New supercars fill the field

The supercar field is crowded and getting more so with automakers having little trouble finding buyers at the very top of the market. Limited editions of high-performance offerings are often sold out within hours. And companies such as McLaren and Bentley are finding unconventional settings beyond car shows to display or introduce their wares.

Alfa Romeo is bringing back its 8C sports coupe as a hybrid supercar with 700 to 800 horsepower and a zero to 62 mph time of less than three seconds. The car, with a target date of 2021 or 2022, will have a very rigid carbon-fiber chassis, and its 2.9-liter twin-turbo V-6 engine—sourced from the Quadrifoglio version of the Giulia—will be mid-mounted. A 201-horsepower electric motor (or possibly two motors with that combined output) shared with Maserati will drive the front axle.

There’s no official price yet, but it will be not only expensive (likely in the $300,000 range) but also exclusive—only 1,000 8Cs will be built. That same number marked the total production of the eight-cylinder 8C Competizione (including the 8C Spyder convertible), which was offered from 2007 to 2010. The 8C name is storied in Alfa competition and dates to 1931.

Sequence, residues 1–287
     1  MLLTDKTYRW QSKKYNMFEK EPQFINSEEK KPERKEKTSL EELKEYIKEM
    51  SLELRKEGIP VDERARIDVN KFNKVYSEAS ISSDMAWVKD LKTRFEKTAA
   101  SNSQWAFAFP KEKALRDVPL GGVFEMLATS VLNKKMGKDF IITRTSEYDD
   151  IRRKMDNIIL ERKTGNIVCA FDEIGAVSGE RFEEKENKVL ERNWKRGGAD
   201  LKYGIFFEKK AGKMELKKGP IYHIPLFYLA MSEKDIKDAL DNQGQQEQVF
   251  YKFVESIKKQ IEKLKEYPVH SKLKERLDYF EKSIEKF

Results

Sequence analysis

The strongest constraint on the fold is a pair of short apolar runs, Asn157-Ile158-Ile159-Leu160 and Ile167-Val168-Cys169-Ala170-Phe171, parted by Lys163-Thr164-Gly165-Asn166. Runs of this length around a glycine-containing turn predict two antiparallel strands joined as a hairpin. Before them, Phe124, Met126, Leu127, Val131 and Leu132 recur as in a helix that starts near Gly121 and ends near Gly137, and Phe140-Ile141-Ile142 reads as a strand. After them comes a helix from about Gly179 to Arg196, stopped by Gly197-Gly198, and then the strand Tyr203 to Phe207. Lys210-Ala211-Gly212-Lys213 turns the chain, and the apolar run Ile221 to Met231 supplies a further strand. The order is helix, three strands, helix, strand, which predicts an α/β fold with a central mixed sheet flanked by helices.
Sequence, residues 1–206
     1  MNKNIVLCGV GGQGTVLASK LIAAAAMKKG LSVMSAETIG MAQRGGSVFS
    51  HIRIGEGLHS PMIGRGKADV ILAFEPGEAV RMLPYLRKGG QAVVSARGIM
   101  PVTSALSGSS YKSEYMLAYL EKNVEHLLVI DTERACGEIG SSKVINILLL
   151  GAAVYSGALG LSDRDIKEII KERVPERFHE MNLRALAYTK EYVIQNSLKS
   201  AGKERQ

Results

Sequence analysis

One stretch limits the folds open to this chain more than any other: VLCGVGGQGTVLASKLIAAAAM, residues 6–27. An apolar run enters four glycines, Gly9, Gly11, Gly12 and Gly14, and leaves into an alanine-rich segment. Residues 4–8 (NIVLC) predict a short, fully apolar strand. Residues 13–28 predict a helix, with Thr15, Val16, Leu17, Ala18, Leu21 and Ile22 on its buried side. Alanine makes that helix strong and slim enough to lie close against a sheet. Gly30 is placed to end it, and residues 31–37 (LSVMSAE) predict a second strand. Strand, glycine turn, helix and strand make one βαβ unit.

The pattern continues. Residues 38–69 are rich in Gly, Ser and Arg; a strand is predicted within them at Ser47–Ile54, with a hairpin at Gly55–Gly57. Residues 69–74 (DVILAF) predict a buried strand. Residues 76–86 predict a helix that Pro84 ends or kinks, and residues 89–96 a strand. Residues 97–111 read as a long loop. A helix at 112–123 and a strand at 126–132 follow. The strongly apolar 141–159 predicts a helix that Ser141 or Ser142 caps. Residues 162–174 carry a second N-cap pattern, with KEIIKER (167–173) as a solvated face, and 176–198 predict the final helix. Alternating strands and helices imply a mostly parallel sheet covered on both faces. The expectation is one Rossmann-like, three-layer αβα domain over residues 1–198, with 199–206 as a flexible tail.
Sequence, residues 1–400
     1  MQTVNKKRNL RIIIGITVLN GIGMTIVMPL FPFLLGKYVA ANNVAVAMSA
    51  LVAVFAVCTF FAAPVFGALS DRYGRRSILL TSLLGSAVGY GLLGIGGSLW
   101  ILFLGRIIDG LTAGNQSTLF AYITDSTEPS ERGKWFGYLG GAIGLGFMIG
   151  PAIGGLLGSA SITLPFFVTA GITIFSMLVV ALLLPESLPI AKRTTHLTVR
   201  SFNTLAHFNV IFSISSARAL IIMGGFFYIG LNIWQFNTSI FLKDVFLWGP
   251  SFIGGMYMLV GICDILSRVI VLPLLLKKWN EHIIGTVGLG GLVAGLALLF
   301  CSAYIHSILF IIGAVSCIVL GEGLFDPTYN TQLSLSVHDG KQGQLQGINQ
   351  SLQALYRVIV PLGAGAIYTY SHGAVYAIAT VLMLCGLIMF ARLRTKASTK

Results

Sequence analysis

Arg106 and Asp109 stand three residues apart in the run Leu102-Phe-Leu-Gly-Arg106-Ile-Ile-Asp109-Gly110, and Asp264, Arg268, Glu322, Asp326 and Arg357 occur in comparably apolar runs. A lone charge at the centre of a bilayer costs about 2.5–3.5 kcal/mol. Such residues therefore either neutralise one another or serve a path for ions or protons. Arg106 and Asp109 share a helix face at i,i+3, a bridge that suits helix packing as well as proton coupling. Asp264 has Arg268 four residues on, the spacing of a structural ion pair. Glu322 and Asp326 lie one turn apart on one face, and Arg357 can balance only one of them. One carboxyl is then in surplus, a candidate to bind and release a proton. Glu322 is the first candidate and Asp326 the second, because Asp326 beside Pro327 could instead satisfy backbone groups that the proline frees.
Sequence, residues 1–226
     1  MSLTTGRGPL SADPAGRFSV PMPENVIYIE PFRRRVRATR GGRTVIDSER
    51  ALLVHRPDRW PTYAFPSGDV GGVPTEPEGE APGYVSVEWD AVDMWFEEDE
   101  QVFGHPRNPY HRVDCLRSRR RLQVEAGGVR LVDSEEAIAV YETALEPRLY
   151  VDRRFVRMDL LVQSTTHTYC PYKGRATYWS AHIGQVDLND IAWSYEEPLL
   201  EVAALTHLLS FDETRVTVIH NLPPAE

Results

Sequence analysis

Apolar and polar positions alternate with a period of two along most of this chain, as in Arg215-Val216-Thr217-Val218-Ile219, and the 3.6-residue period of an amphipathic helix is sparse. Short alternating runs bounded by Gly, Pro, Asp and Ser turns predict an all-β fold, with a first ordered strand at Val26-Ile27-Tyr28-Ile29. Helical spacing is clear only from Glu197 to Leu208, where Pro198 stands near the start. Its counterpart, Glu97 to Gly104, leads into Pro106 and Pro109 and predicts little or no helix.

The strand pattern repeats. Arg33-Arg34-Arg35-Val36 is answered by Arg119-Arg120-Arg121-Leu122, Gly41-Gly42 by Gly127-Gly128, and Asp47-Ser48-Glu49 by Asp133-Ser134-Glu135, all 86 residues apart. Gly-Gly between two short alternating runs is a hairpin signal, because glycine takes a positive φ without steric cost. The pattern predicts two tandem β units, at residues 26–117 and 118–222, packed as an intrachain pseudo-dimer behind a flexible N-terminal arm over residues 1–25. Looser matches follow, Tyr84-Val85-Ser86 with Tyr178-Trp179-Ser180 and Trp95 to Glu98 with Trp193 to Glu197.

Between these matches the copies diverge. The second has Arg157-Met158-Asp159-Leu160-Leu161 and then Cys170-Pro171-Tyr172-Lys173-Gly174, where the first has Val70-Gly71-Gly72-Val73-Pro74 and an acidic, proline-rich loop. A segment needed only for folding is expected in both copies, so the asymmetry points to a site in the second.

Meanwhile, on Sept. 17, Ferrari will unveil a new supercar called the Icona at its headquarters in Maranello, Italy. Very little is definite about the new car, but the date coincides with Ferrari Capital Markets Day, at which Louis Camilleri—who succeeded Sergio Marchionne as CEO—will outline the company’s strategy through 2023.

Ferrari released an image of the car, with the file name F176, and that is possibly the internal code for the new model. The British publication Autocar refers to “rumors” that Ferrari is preparing a limited-edition car with the 812 Superfast as the starting point.